Travis smiled so wide that I decided my stupidity had been awarded: he understood. Still I resisted the urge to continue babbling. In all my exhaustion sappy thoughts couldn’t help but be strewn around my brain. Travis is a lot like the Texas sky somehow. Big and proud, but unexplainable.
The return trip was wordless, but I no longer felt the necessity of verbal communication. The silence was pleasant, we walked perfectly satisfied knowing that we both understood.
“Howw’s your day?” Ross asked in the all-too-loud way I’d grown accustomed to.
“Fine”. My heart was bursting, but Ross was the last person who was gonna know that.
“I just love what you kids are doing to the city, that old theatre is starting to look alive again.” I smiled despite myself, all that hard work needed to be recognized, even if that recognition did come from the likes of Uncle Ross.
As I tramped up the stairs to my comfortable little bedroom, Roda stepped out of the kitchen door. She wiped her brow and rubbed her hands against a large apron hanging nearby.
“Pack your bags kid, you leave tomorrow”. I couldn’t believe my own ears. I’d been counting each day hadn’t I? And yet with the theatre project, I’d stayed so busy. Shouldn’t Roda have warned me before? Of course not, Roda would never have spoken unnecessary words. Here it is, time to go home and I’m bummed because I’m gonna miss the grand opening of some ancient theatre in some crumbling town? Could I extend the time? No, of course not. I have things to do back at home. No more salad cutting, no more Texas heat, no more drooling Ross. I retreated to my room to sort things out.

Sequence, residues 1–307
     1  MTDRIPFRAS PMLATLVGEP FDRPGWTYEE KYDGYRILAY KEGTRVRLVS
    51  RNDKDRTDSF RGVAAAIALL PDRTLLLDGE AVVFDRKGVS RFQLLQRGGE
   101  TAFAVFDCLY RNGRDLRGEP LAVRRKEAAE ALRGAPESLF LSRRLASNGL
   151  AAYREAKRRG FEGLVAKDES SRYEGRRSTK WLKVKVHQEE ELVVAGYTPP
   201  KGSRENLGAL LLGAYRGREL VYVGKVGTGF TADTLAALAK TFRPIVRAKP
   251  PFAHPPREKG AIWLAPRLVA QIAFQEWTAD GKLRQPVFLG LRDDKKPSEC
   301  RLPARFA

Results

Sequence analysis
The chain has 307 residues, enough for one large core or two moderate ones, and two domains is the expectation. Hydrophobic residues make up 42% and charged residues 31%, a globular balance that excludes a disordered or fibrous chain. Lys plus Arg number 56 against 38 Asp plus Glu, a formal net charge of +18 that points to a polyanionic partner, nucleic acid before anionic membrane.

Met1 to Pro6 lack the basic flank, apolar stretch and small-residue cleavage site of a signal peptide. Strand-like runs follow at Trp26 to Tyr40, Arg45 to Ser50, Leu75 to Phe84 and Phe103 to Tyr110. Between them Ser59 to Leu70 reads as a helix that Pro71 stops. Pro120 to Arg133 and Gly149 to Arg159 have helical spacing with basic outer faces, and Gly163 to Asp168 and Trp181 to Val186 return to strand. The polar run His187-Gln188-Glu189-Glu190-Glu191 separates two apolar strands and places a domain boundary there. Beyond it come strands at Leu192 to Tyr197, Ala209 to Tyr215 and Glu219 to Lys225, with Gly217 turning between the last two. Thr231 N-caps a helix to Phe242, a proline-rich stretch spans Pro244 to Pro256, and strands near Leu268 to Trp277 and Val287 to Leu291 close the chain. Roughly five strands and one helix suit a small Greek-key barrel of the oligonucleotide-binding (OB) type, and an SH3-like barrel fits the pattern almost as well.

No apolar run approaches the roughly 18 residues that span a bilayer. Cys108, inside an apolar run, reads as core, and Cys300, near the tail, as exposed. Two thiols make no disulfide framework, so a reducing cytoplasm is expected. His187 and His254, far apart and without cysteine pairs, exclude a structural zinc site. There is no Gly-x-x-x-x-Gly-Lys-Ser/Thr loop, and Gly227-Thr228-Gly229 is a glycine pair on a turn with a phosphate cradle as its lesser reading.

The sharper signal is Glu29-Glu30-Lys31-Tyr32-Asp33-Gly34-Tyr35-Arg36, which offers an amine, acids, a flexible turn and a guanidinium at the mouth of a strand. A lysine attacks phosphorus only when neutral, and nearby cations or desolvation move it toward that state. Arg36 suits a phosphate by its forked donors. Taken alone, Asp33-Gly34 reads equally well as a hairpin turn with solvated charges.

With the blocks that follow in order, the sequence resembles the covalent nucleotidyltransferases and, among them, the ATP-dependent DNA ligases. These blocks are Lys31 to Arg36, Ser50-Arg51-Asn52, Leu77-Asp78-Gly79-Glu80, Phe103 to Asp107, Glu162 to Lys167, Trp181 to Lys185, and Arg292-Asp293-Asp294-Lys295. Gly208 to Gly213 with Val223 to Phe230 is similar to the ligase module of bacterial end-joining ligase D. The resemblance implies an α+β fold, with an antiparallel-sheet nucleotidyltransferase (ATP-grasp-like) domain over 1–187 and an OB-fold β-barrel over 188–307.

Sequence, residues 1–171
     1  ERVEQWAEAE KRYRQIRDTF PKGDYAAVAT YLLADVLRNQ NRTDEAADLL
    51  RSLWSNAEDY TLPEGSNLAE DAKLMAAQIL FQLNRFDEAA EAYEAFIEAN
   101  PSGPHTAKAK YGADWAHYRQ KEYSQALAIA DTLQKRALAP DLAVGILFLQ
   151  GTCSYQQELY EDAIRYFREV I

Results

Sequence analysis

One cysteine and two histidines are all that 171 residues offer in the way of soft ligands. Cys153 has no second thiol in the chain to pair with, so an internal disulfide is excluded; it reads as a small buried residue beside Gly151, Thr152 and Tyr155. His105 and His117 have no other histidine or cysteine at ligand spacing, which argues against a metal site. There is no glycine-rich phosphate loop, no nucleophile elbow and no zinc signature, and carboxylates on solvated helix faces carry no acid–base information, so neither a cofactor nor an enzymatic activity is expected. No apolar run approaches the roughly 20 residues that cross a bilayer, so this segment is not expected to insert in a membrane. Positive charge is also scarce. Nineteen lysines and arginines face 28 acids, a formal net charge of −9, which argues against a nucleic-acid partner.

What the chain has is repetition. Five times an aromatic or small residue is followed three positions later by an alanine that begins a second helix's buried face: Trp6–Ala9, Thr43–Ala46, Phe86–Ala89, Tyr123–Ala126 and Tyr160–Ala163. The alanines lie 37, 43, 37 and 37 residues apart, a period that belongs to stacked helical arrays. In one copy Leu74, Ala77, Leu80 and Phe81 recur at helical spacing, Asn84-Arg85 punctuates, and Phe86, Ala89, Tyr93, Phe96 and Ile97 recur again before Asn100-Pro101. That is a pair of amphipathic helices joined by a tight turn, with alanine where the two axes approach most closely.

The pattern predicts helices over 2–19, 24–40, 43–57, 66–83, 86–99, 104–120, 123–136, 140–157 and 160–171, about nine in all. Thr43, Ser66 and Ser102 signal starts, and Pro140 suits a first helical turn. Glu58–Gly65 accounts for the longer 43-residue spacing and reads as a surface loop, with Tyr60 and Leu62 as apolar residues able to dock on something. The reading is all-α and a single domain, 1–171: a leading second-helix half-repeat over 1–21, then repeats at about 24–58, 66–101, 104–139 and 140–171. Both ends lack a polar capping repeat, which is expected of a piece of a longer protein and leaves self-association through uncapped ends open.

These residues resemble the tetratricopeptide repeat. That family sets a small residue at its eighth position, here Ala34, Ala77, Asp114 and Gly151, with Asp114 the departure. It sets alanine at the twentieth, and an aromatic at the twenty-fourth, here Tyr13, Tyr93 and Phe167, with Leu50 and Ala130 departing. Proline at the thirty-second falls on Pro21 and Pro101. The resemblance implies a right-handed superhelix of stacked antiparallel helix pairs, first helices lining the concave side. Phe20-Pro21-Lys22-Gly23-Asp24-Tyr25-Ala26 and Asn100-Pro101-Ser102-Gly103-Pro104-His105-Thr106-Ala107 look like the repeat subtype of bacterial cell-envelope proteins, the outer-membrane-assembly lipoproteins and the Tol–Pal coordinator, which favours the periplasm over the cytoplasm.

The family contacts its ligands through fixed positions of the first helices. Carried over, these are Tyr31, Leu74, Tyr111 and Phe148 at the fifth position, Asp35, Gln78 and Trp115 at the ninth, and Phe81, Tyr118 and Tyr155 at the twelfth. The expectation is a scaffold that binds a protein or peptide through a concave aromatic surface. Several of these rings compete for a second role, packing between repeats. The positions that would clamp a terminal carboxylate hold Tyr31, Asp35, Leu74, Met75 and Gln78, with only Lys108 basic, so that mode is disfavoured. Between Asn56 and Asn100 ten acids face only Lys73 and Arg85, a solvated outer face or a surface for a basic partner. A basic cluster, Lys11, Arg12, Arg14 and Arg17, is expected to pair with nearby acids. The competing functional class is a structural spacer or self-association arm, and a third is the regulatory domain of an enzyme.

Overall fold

“I can deal with this,” I thought to myself. I sat on bed, determined to be happy. I wasn’t going to let this vile idea plotted up by my unthoughtful parents effect me in any way. I wasn’t going to enjoy this trip and I wasn’t going to change, that is what I had decided at the beginning, and thats just the way it was going to have to be.
Freedom. Freedom. Freedom. I pushed the word through my mind over and over again to block out all the other thoughts . I watched the crumbling buildings pass by, one after another. I thought of how wonderful it would be to get out of this horrible place.
Mom was finally driving me home, and I was ecstatic, or at least that’s what I told myself. “I don’t ever have to come here again, I don’t ever have to chop up another piece of lettuce, and I don’t ever have to stub another toe on Texas dirt.” As I stared out the window for the last time I noted the half renovated theatre staring at me from the corner most folks referred to as “the center of town.”
Behind and around the little town lay the sky, the massive blue that seemed to be offering me a faceless smile. I waved back, because that was all that was there, and I felt like maybe He would understand.
I didn’t ever have to step inside Morgantown again, but I was pretty sure I would. At that moment relief flooded through me as I realized that everything was alright. I still hated Texas, I still hated the dirt, the rattle snakes and Ross’s drool. Nothing had changed except - I loved the sky; the sky and Travis Fisher.